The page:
Blog #11: Why we use handheld nets

Going on this trip has so far been fun because of the numerous dives, delicious food, and enjoyable company. In addition to all of that I found out that there is quite a process that starts with a diver splashing into 85 degree Bahamian water and ends with someone being able to look through the glass of the Giant Ocean Tank (GOT) and observe a complex and beautiful ecosystem.

An example of dinner on the Coral Reef II (taken during the May, 2008 expedition)

I should first mention a couple of reasons why the New England Aquarium chooses to catch their exhibit fish with hand held nets. The first one is that this biannual trip provides an engaging and educational vacation for the participants. In fact, five out of the eight participants on this trip are repeat participants from previous trips! Secondly, when it comes to collecting fish, this method allows us to take just the right number of fish and species that we need without harm to any other fish or the environment. Catching by hand allows us to be very specific with what we want without taking any bycatch (Learn how the Aquarium is working to prevent bycatch in the fishing industry here). In addition, using nets gives the fish a fair fighting chance--in fact most of the time they win and the divers are left shouting unheard expletives into the open water.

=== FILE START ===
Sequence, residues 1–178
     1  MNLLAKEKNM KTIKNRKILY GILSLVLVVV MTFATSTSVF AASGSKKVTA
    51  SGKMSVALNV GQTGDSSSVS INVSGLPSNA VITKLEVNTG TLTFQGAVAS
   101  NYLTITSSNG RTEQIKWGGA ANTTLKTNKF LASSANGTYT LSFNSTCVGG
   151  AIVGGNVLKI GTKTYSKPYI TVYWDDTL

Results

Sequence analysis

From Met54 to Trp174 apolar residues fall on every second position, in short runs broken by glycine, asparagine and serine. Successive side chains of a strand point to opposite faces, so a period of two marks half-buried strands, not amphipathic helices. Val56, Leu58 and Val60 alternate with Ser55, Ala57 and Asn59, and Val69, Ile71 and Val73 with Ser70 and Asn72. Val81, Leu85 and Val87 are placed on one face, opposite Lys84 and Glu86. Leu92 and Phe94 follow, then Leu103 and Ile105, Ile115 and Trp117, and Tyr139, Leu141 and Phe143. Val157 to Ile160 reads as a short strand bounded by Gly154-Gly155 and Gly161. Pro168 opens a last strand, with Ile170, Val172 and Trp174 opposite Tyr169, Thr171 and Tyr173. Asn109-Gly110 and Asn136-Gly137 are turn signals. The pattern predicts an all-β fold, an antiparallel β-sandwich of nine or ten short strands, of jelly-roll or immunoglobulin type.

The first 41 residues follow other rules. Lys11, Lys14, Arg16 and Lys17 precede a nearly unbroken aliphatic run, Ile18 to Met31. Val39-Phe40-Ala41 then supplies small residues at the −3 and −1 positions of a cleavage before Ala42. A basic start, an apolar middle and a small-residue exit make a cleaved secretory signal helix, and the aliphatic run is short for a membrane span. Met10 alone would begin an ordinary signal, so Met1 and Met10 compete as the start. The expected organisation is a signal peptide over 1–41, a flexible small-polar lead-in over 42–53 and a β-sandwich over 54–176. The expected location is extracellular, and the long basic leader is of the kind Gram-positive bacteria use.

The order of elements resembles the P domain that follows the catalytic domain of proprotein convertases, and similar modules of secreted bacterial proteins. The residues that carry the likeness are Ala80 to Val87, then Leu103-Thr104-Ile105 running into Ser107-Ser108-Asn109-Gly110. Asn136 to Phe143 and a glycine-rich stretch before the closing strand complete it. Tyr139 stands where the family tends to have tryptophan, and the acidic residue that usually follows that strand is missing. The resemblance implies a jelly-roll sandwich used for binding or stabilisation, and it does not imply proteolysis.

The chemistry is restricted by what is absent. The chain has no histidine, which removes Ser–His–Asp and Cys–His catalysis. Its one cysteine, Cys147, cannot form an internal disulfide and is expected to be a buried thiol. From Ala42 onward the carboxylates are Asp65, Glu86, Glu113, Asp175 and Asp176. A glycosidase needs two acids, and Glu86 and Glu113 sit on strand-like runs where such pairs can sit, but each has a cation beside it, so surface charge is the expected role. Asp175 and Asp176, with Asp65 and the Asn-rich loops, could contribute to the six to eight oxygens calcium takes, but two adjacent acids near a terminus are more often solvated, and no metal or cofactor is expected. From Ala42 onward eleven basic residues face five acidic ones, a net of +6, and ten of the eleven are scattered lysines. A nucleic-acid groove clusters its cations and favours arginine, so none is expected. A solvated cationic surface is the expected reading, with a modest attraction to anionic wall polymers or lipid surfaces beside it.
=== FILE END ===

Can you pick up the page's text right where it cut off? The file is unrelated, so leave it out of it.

Expedition members using hand held nets

However, if we are fortunate enough and we catch a fish with our nets we are careful to bring the fish up. We do this by clipping our catch bag to a barrel underwater and slowly bring up the barrel (5 feet every 10 minutes). This allows their swim bladders to slowly adjust and reduces stress to the fish. Once they are at the surface everyone is involved in a mad dash to place the fish in a bucket, find out the species of fish, count them all and then place them in the correct tank (of which there are about 25).

Then to take care of the fish the staff wake up, before the sun, and do a full system check. This involves observing the fish (right now there are about 200) for aggressive behavior, checking the amount of dissolved oxygen and the temperature of all of the tanks, and backwashing the system to help improve water flow. Most of the animals are fed chopped up shrimp or, if they are tiny animals, brine shrimp (otherwise known as sea monkeys). Thinking back on all of the responsibilities we have during the day to take care of these 200 fish it really makes me appreciate all the work our aquarists do back at the New England Aquarium - they have almost 30,000 animals of around 800 different species to look after! Well, it has been a full day I better get some rest so that I can do even more tomorrow.

- Megan Moore

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